During the COVID-19 pandemic, Cores consulted with project teams on regular virtual meetings as well as upon request. Project teams also provide periodic updates to the Collaboratory Steering Committee, which consists of Coordinating Center principal investigators, Core leaders, trial principal investigators, and NIH project leadership. Given the direct relevance of discussions during Core and Steering Committee virtual meetings to measurement of the pandemic’s impact on trial conduct, we compiled information from these discussions into a database and combined them with survey data for analysis. All 14 project teams either completed the COVID-19 questionnaire and/or supplied information related to the effects of the COVID-19 pandemic on their project activities during a telephone consultation or a virtual Steering Committee meeting. Seven were conducting a full-scale pragmatic clinical trial and four were in the pilot phase when the COVID-19 pandemic began. Three trials had completed enrollment at that time.

Given the open-ended nature of the prompts, all data collected in the survey and group discussions were qualitative in nature, and no statistical analysis was performed. Text from the survey responses and virtual meeting/consultation notes was analyzed thematically by a single reviewer, who wrote descriptive summaries for each survey question. The thematic analysis was subsequently reviewed by five additional independent reviewers, who made updates to the descriptive summaries via an iterative email-based process to incorporate revisions to the written analytic summary.

Results

We describe two main types of impacts of COVID-19 on demonstration projects: healthcare operations and social distancing. Then, we describe specific changes to data collection strategies and modifications to the intervention and/or implementation as a result of the pandemic, as well as any benefits that study teams perceived to be associated with these changes. Finally, we describe planning and next steps for the projects.

Healthcare operations

While delays were common in most types of research in spring 2020, the impact of COVID-19 on pragmatic trials was complicated by the pandemic’s overarching effects on the health systems in which they were embedded. System-wide research pauses resulted in delays in conducting in-person trainings and other site activation activities for at least two projects. Investigators of four trials also reported system-level delays in contracting/reliance agreements and the temporary suspension in delivery of some healthcare services. The FM-TIPS trial experienced changes in Institutional Review Board requirements for initiation of research with human subjects.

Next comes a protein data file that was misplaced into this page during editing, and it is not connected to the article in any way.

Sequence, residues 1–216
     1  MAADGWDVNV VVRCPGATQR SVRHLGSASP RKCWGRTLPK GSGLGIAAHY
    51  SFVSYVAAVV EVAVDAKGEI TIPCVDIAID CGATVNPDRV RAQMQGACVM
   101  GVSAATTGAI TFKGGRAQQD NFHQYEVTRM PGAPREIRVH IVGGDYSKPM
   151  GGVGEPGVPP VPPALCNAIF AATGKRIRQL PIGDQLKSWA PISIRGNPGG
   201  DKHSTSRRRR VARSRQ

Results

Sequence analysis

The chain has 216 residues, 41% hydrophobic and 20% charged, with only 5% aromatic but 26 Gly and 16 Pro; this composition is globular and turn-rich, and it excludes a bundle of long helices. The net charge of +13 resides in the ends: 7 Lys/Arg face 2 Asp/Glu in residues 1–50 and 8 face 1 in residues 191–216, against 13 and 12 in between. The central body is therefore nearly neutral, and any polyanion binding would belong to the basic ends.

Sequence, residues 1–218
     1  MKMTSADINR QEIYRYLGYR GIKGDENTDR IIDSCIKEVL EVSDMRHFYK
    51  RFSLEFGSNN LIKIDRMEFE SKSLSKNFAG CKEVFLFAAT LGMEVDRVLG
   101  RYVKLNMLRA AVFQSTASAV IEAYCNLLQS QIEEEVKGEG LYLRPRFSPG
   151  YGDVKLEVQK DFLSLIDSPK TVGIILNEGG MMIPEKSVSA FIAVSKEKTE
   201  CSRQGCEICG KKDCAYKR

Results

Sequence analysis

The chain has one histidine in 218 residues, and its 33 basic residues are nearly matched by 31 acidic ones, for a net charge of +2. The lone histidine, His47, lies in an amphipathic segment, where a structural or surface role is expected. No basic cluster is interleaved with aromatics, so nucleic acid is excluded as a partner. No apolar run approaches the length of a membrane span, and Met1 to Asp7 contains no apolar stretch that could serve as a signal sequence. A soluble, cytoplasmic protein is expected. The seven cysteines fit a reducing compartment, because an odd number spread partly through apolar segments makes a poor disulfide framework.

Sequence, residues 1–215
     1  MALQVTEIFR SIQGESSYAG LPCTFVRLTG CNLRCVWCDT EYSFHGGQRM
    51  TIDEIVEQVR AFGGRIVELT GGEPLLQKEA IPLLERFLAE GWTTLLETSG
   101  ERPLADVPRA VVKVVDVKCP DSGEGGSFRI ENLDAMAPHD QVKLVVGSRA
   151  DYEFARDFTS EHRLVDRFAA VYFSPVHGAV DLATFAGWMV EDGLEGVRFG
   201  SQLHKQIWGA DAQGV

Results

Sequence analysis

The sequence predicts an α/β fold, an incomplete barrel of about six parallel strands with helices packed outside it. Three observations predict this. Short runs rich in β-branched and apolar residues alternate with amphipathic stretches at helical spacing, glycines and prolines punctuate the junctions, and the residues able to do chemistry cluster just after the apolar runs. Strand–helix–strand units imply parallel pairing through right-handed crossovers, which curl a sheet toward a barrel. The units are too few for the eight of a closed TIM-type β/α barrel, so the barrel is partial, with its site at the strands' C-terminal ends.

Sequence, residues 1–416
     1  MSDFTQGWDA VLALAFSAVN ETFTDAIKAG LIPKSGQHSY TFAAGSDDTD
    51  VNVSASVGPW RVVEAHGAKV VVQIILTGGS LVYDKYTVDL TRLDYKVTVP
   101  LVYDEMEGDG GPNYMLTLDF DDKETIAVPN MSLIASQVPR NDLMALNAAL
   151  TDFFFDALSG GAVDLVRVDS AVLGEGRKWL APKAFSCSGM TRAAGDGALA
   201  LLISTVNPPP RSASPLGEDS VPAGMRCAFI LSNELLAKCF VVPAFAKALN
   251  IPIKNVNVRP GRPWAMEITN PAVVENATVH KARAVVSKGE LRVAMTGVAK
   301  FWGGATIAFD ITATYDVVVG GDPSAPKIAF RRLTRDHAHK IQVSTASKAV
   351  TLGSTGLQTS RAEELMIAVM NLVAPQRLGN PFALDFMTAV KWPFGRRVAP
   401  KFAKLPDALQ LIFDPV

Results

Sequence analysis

Six trials reported system-level efforts to prioritize COVID-19-related research and limit nonessential care, which affected staff availability and delayed trial operations. Four projects reported adverse impacts of staffing changes, including reallocation of staff to COVID-19-related research. In FM-TIPS, physical therapy staff had their hours reduced or were furloughed. In BackInAction, recruitment of new staff was delayed for 3 months. Staffing changes due to COVID-19 were so significant in the HiLo trial that the investigative team anticipated the study remaining on hold until the effects of the pandemic on the sites were eased. For staff continuing trial-related work, changing clinic requirements with respect to use of personal protective equipment, cleaning procedures, and telehealth delivery introduced general disruption and additional time constraints as clinic staff adapted to this new environment.